Friday, July 8, 2022

Absinthe and Opium and the Province of Rascals

How did I ever work, work in the studio, work out, cook and clean, and play with friends and still get some sleep?  If I empty the dishwasher now, I feel I've had a busy day.  I think I need to focus on being more productive.  Somewhat, at least.  

I went to lunch with my friend yesterday and then made a trip to the museum with her.  I've been to lunch twice this week.  There goes the grocery budget.  Who can afford to eat out now?  Apparently not so many as used to.  Restaurants are complaining about the falloff in business.  My five dollar Whopper meal was a standout.  But my mother told me yesterday that the sausage biscuit thing she used to get at McDonald's has doubled in price.  It is no longer her "happy meal."  Us retirees will all be eating squirrel meat soon enough.  I'd better start learning how to make traps.  

The contemporary art show at the museum was a real bust.  It was so bad, I kept yelling out, "Fake!" like I had Tourette's.  For all of its infamy over the Basquiat incident, the museum is known for its placid, "don't take a chance" exhibits.  There was nothing capable of controversy in this one.  I'm sure the major museums of the world are feeling the same sort of pressures.  We'll be back to abstract painting and piles of string and paper exhibits.  Everyone fears being cancelled.  Or worse.  "Bad behavior" will end your career quicker than Boris Johnson's.  I find it fascinating, really, that he is resigning not over missteps in policy but because he is a bit of a rascal.  I like rascals, I'm afraid.  Rascals are my lot.  

So long Bohemia.  It was fun.  No, really.  We've been overtaken by Christians, Ideologues, and Incels.  There's no room for naughty fun anymore.  You're old and creaky and we will have to put you in a home.  We'll come visit from time to time to see if your are. . . you know. . . . 

But God. . . you were truly something when you were young.  

Speaking of which, my mother is going to a little birthday party for her neighbor who is turning 97.  I've already told you that.  She lives alone and just passed another driving test.  My mother's 89 year old neighbor is hosting the party.  I've sent a bottle of champagne but won't be in attendance.  I feel bad about that, you know, but I'll be at the gym.  As mentioned previously, there are only so many things I can do in a day.  Who knows, though.  I may drop by in my gym clothes and give the girls a little shake.  Ha!  They do treat me like their boy toy.  But you know. . . not in front of my mother.  In all, they are a pretty conservative lot.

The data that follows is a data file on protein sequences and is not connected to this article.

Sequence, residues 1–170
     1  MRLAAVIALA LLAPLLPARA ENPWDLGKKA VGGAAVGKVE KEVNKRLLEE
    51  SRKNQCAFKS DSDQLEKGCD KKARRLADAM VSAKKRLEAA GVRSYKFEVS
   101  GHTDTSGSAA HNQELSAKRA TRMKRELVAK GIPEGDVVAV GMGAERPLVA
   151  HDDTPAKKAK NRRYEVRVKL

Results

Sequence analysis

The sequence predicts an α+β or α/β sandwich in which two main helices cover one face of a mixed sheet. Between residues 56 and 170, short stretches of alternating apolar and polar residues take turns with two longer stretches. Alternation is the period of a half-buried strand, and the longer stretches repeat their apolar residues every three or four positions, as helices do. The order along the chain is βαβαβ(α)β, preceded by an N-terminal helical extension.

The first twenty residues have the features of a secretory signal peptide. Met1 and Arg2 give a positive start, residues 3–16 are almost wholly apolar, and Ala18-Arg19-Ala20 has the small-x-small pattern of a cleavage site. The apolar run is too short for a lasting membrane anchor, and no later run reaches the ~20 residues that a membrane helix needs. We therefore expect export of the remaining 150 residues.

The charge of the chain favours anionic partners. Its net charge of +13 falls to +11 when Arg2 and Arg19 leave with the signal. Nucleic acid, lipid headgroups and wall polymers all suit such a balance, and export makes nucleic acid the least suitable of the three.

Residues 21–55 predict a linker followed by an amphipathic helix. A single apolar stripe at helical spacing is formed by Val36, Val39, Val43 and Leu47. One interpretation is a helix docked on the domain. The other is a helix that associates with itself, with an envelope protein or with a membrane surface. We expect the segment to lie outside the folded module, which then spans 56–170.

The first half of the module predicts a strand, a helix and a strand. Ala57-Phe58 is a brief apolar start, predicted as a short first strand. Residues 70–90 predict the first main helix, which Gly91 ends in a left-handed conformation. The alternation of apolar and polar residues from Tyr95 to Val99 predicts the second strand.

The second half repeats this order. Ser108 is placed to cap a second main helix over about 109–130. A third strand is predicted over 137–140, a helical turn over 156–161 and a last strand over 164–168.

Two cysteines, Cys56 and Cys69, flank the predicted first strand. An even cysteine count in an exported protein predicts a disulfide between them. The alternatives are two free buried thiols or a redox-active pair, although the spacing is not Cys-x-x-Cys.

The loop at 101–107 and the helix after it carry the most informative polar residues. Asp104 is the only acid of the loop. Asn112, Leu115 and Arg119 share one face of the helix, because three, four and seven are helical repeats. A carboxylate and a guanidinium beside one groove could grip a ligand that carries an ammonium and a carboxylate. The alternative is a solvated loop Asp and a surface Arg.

All the kids from the factory are onboard with Wokeness in one way or another.  It is like a religion, really, and though they like to drink and smoke pot and eat mushrooms on occasion, they are easy to shock.  I do it without even trying.  But they shock me even more with their scriptures.  More than shock, they scare me at times.  Little by little, I think, I am being cancelled.  Incrementally, you know.  Nothing sudden, just a slow disappearance.  One day, I'll simply be a ghost.  

Outrageous behavior is only tolerable when you agree with the "statement."  Like my buddy C.C., though, whatever it is, I'm against it.  We rode that wave throughout our tenures.  We were rascals.  It impacted our careers, first one way, then the other.  Now, as C.C. just declared in a text, "Totalitarians on the left of me, Fascists on the right of me: stuck in the middle with you."  

Funny, but true.  Somehow I feel we are in the middle.  

After we left the museum, I started to go home.  Then I turned the car around.  I needed to take two pictures, I thought, with the big ole Liberator, so I could develop some film when I got home.  One of the photos I took was of a Garden Club that I had never noticed before.  I pulled into their parking lot and pulled out my big camera and film holder.  As I walked around to the front of the building, a woman standing in the drive asked me something.  I wasn't sure what she said.  She repeated what sounded like, "Are you sick?"  

"No," I told her.  "I just limp a little bit sometimes."  

"Oh," she said.  "I do that, too.  No. . . I'm waiting for someone named Sid."  

She followed me from a distance as I walked to the front of the building and took the photo.  I had the feeling she was keeping an eye on me.  Walking back by her I asked, "Are you a member of the Garden Club?"

She was.  I asked her if they had any flower shows coming up, and she said they did in October.

"Do you think I could take some pretty pictures with this big old camera?"

"Sure," she said.  "Do you have a card?"

Of course I didn't.  I don't.  

"What do you do with your photos?" she queried.  

"I sell them to porn sites," I wanted to say as I often do, but I thought better of it.  I mentioned some things that led her to ask me how long I had worked at the factory.  It turned out that she was friends with a lot of people who worked there when I first started, people who had retired long, long ago.  I couldn't believe that they were all alive.  She recounted all their heath issues but they were still chugging along.  At this point I concluded that my new friend must be in her late eighties. 

"If you want to come take pictures, just call," she said.  

Maybe I'll take some photos of the ladies at the Garden Club in October.  

Yes, the Garden Club is just the place for me.  But who knows?  It could be trouble, too.  I mean, there could be a diversity issue.  

Absinthe and opium.  Can you imagine?  Evil pleasures and bad behavior.  Scandalous.  

The Province of Rascals.  

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